East Asiatic Company
The East Asiatic Company (EAC) (Danish: Det Østasiatiske Kompagni or ØK) was founded by Hans Niels Andersen in Copenhagen in 1897. Service which would eventually include both passenger and freight lines between the Danish capital, Bangkok and the far east was the initial objective. Routes to include the Baltic and Black Seas were established when in 1899, the subsidiary Russian East Asiatic Steamship Co. of St. Petersburg was formed.
Europe-Asia operations widened when the firm, Est Asiatique Francais of Paris, followed in 1902, the new Danish West India Company, in 1905 and the Siam Steam Navigation Company, in 1908. The second of these was eventually renamed Thai Navigation Co. after the Thai government took it over in 1941. For trade in the South of Africa, the Swedish East Asiatic Company later began regular trips. The subsidiary Russian American Line began sailing to North America in 1916, continuing until 1917. Another, the Baltic American Line, continued the service under the Danish flag from 1921 to 1930. EAC was also involved in shipping for hire with tramp operations beginning in 1915 under the subsidiary D/S A/S Orient of Copenhagen.
The company was a pioneer in development of large, commercial motorships with President Andersen placing an order with Burmeister & Wain, headed by the engineer and diesel marine engine pioneer, Ivar Knudsen, for two motorships, MS Selandia and MS Fionia, to be built by that firm. Selandia began operation in 1912 after maiden voyage with the Danish crown prince and princess aboard followed by a visit to London where the ship created great interest with visits by Winston Churchill, admirals and influential shipping figures who then remained aboard for a voyage to Antwerp. A third contracted ship, Jutlandia, was built in Scotland by Barclay, Curle & Company and became the second large motorship in commercial service with any company. By 1935 the company was operating twenty-seven motorships, including a new MS Jutlandia.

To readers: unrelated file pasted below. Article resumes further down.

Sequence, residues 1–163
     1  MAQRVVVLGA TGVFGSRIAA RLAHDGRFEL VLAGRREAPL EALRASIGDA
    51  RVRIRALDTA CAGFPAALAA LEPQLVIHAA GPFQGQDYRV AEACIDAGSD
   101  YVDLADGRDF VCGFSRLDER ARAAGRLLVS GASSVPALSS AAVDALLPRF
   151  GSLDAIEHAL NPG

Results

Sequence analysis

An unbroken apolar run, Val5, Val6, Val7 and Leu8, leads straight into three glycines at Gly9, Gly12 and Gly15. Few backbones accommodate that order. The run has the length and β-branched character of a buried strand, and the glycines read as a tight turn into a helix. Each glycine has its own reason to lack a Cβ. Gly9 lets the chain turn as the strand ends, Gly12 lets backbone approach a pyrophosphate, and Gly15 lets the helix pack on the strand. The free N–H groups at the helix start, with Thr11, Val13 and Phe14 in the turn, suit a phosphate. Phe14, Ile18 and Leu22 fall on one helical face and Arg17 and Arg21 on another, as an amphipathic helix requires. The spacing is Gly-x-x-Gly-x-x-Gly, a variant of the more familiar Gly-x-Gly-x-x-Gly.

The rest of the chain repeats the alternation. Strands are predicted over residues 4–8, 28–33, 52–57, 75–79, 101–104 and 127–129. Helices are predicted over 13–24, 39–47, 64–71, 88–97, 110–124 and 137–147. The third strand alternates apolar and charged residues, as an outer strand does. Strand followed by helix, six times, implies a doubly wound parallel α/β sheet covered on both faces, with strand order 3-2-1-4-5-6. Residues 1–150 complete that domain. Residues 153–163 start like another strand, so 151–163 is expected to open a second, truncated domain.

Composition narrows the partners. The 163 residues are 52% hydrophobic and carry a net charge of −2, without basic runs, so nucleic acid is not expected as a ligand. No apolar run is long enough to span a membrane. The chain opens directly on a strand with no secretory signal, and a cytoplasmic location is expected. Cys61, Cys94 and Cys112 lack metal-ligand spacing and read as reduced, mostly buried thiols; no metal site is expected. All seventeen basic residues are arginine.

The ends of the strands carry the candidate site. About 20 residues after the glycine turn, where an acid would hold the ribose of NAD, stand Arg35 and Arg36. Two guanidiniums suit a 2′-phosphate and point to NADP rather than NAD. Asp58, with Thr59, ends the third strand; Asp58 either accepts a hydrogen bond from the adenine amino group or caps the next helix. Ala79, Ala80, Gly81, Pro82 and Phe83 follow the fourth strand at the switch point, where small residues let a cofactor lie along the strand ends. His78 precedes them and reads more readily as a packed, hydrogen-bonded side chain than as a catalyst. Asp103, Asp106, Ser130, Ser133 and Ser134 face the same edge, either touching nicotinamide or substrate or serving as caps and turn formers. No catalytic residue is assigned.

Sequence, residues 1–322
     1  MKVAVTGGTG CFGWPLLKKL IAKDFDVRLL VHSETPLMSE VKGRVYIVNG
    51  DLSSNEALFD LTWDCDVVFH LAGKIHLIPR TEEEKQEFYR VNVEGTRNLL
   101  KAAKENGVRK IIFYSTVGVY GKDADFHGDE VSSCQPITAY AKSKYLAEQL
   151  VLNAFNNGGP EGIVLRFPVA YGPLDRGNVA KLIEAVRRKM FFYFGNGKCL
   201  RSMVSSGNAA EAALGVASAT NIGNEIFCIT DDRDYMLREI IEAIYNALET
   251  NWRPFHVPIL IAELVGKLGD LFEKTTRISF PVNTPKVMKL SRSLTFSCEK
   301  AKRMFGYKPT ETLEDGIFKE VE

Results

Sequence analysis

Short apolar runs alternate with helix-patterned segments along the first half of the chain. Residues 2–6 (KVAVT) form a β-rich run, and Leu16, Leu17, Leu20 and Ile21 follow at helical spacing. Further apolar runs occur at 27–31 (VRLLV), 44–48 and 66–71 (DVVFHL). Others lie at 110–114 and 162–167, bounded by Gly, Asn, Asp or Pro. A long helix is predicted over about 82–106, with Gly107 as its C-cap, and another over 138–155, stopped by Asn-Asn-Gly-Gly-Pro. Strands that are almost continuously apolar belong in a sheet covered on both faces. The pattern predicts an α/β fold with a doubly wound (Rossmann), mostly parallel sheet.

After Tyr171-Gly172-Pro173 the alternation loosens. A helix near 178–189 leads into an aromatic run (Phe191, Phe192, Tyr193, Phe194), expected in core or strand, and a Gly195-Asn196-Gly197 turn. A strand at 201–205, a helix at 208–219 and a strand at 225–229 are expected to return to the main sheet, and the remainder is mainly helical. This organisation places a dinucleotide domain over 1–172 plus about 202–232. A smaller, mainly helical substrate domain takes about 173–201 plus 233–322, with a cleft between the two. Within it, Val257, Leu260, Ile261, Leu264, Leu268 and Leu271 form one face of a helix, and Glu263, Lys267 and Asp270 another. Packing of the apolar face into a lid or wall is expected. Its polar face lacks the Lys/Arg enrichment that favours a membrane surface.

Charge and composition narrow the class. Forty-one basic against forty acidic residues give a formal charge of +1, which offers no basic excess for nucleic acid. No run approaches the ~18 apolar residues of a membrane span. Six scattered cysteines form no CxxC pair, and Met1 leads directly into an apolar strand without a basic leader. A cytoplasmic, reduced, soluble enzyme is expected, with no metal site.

In these middle years, business grew considerably. The United Baltic Corporation was formed as a partnership with Andrew Weir & Co. in 1919. The early 1920s saw services extend from Copenhagen to South Africa, Cuba, Australia, Mexico and North Pacific ports. New York and, later, Philadelphia, Baltimore or Norfolk, Virginia were among the ports of call added for ships on the north Pacific route in 1940. Connections between Vancouver and the far east were handled by Johnson Walton Steamships Ltd of Vancouver, when they were acquired in 1949.
Most recently, cargo was the mainstay of the business. As air travel became more popular in later years, passenger operations shrank until 1969, when they were discontinued.
- Knudsen, Ivar (1914). "A Smokeless Marine". The American—Scandinavian Review. American—Scandinavian Foundation. 2 (1): 21–28. Retrieved January 19, 2014.<templatestyles src="Module:Citation/CS1/styles.css"></templatestyles>
- Pacific Marine Review (1935). "New Motorship Jutlandia". Pacific Marine Review. San Francisco: J.S. Hines. XXXII (3). Retrieved January 19, 2014.<templatestyles src="Module:Citation/CS1/styles.css"></templatestyles>
- The Ships List
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